Revenge In Agamemnon, The Libation Bearers, And The Eumenides

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Aeschylus (525-455 BC) retells a story first made popular by Homer. The plot of Oresteia’s three tragedies Agamemnon, The Libation Bearers, and The Eumenides could bear the subtitle Revenge! Faster, kill, kill! But behind all this, philosophical questions peek out. Beyond tragedies were topics of interest and dispute in the community. The Greeks did not believe in holy commandments to live by; indeed, they used the lives of their heroes as guidelines. Myths were stories that, depending on the storyteller, could have a different meaning. In his work Aeschylus had the genius of serving philosophy and psychology in a thrilling way. At the core, these three plays dwell on the problems of the cycle of violence and conflict resolution. 1. Conflict Brings Pain,…show more content…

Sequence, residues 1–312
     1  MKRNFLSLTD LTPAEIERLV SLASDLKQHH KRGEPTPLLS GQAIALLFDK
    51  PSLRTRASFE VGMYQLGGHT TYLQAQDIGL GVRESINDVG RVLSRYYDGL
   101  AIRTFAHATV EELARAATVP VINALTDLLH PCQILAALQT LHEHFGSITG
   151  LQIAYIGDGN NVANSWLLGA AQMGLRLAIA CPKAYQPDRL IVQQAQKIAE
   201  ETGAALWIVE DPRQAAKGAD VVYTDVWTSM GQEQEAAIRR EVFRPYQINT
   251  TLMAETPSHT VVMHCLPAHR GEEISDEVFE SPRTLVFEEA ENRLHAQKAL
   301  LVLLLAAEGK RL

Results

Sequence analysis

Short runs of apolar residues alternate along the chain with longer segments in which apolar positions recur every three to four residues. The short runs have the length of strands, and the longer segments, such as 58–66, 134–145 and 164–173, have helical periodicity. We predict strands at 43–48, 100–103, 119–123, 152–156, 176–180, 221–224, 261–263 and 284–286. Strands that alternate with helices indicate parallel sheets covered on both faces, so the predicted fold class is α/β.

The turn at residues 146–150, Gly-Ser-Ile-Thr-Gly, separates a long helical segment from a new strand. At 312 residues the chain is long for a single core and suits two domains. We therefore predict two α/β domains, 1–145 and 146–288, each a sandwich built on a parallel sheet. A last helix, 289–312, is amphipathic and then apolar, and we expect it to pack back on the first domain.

But as the city rejoices, Furies, gods of vengeance and vendetta, hunt him. 3. People Can Not Survive Alone Finding Redemption. In the last play, The Eumenides, Argos is at last a free city; however, standing alone, awaiting its ruler. Orestes left home in search of salvation. Though Apollo protects him, he still pays for the murder committed. The Furies continuously hustle him. Contact with humans decreases his pain, but it cannot redeem him. Only the intervention of another higher authority, goddess Athena, will put an end to this conflict. Two parties exist, and Athena could take the side of either one. She could fight off the vengeance gods or rally with them. Instead of this traditional resolution of conflict, Athena calls on the Athenians to judge Orestes. They cannot decide if he was wrong or right, and they free him. Athena also convinces the Furies to change their ways and instead, protect the humans. They change into The Eumenides, spirits of reason and democracy. 4. The suggestion for Greek citizens was that they shouldn 't be Orestes, Clytemnestra, or Electra. They should not take justice into their own hands; instead, they should solve conflicts using law and

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